Switzerland is to boost financial aid for earthquake victims in Pakistan to SFr10 million ($7.8 million) by the end of the year.
The commitment came on the eve of a United Nations donor conference in Geneva designed to generate funding for the massive relief operation.
Walter Fust, director of the Swiss Agency for Development and Cooperation (SDC), told swissinfo he hoped the conference would result in a strong show of international solidarity towards the victims of the region.
"I hope financial support will be forthcoming – not only pledges but real commitments – and that this relief effort can develop into rehabilitation, reconstruction and longer term development," he said.
Two weeks ago the UN asked for $312 million to help survivors of the earthquake on October 8 in which at least 50,000 people died. On Wednesday the world body almost doubled the amount required, calling for $550 million.
Speaking in Geneva, UN Secretary-General Kofi Annan told representatives from around 60 countries that the scale of the tragedy "almost defies our darkest imagination".
With only a matter of weeks before the arrival of the first snows in the mountainous region where the earthquake struck, aid agencies are warning of a race against time to airlift enough food and building materials to enable hundreds of thousands of people to survive the winter.
Fust, who is leading the Swiss delegation in Geneva, said on Tuesday that the government was prepared to allocate a further SFr6 million in aid on top of the SFr4 million already committed.
He said a further SFr10 million was likely to be made available for relief and rehabilitation projects next year. The SDC also intends to divert SFr2.5 million from its 2006 development budget for Pakistan to help communities in the disaster zone.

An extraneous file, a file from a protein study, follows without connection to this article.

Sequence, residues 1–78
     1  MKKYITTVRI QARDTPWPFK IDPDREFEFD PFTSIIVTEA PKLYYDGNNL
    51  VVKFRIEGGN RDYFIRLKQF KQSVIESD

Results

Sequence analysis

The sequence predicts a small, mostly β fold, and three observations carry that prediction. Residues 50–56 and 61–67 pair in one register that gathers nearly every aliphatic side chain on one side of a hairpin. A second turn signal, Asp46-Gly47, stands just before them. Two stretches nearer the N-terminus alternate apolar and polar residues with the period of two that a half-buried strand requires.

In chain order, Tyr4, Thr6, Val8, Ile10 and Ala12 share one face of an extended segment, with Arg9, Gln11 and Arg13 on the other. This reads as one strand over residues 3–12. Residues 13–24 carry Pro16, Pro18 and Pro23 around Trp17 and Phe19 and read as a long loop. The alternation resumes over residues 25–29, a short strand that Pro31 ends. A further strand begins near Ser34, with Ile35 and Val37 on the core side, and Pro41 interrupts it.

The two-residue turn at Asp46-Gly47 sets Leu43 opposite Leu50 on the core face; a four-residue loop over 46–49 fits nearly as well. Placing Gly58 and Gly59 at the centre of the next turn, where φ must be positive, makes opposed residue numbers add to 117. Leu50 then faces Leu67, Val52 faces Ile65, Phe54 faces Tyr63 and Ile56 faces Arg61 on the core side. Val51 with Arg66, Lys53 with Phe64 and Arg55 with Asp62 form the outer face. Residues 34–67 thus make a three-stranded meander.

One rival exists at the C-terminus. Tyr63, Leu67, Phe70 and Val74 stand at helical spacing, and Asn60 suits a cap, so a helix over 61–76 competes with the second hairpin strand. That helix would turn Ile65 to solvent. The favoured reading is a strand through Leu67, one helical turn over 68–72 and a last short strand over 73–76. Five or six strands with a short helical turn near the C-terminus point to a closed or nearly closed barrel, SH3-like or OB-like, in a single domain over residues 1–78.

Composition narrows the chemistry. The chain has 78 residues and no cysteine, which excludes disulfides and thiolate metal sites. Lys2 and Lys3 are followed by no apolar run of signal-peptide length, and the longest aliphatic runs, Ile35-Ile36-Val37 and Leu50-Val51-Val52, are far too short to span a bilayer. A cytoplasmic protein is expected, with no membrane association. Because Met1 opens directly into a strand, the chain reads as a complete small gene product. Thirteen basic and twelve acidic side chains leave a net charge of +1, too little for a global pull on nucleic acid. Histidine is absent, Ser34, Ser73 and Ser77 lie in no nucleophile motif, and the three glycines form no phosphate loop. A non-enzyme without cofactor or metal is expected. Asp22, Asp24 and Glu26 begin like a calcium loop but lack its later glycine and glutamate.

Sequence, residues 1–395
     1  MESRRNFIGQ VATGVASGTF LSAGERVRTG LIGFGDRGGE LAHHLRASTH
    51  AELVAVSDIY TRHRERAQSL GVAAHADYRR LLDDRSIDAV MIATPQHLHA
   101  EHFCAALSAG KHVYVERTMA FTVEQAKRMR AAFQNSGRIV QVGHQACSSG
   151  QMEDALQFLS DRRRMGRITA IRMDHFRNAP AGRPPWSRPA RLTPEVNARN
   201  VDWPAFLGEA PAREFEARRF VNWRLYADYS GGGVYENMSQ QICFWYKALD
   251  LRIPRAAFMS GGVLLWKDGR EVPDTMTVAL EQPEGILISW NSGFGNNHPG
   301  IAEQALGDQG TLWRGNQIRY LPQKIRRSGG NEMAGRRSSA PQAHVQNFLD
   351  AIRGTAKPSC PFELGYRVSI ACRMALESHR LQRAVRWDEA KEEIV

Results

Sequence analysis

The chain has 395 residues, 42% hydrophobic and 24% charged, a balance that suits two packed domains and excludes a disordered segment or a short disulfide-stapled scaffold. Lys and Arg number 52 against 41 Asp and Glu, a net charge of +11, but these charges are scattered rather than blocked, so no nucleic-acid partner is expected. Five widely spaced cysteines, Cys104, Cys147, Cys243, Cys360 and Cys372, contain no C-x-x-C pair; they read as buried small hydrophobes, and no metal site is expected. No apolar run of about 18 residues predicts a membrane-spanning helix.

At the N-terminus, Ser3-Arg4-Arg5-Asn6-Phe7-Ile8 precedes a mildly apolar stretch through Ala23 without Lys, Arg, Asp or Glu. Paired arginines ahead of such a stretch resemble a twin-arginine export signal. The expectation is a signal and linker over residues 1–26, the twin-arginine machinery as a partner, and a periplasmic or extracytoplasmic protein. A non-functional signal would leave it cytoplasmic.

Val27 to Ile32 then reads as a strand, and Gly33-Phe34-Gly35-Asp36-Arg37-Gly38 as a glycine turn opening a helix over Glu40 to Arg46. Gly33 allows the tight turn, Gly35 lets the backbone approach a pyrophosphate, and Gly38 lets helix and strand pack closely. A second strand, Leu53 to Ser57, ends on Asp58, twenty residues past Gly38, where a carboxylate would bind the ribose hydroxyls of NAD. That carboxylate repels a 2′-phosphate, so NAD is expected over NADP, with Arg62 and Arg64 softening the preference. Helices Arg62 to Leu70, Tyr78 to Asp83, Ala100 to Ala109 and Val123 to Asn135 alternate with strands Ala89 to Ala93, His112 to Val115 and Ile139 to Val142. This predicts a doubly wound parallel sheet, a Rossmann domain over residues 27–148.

Fust said a number of factors were to blame for the slow response to the earthquake. These included the failure by Pakistan to provide a clear picture of the extent of the disaster, poor disaster preparedness, the lack of an emotional response on the same scale as the South Asia tsunami, and end-of-year budget constraints among donor countries.
"The earthquake has not come at a good time," he said. "The international community is probably only capable of responding to a certain number of major natural catastrophes and this year has been really incredible," he said.
Fust also regretted that the current bird flu scare in Europe had "substantially" diverted attention away from a catastrophe with a major loss of life.
swissinfo, Adam Beaumont
More than 53,000 people are known to have died in the earthquake that flattened mountain villages in Pakistani Kashmir and adjoining North West Frontier Province where unknown numbers of bodies lie under the rubble.
More than 75,000 are known to have been injured seriously and people are still carrying more down from the hills on their backs.
The UN says around three million people will need shelter and food through the winter.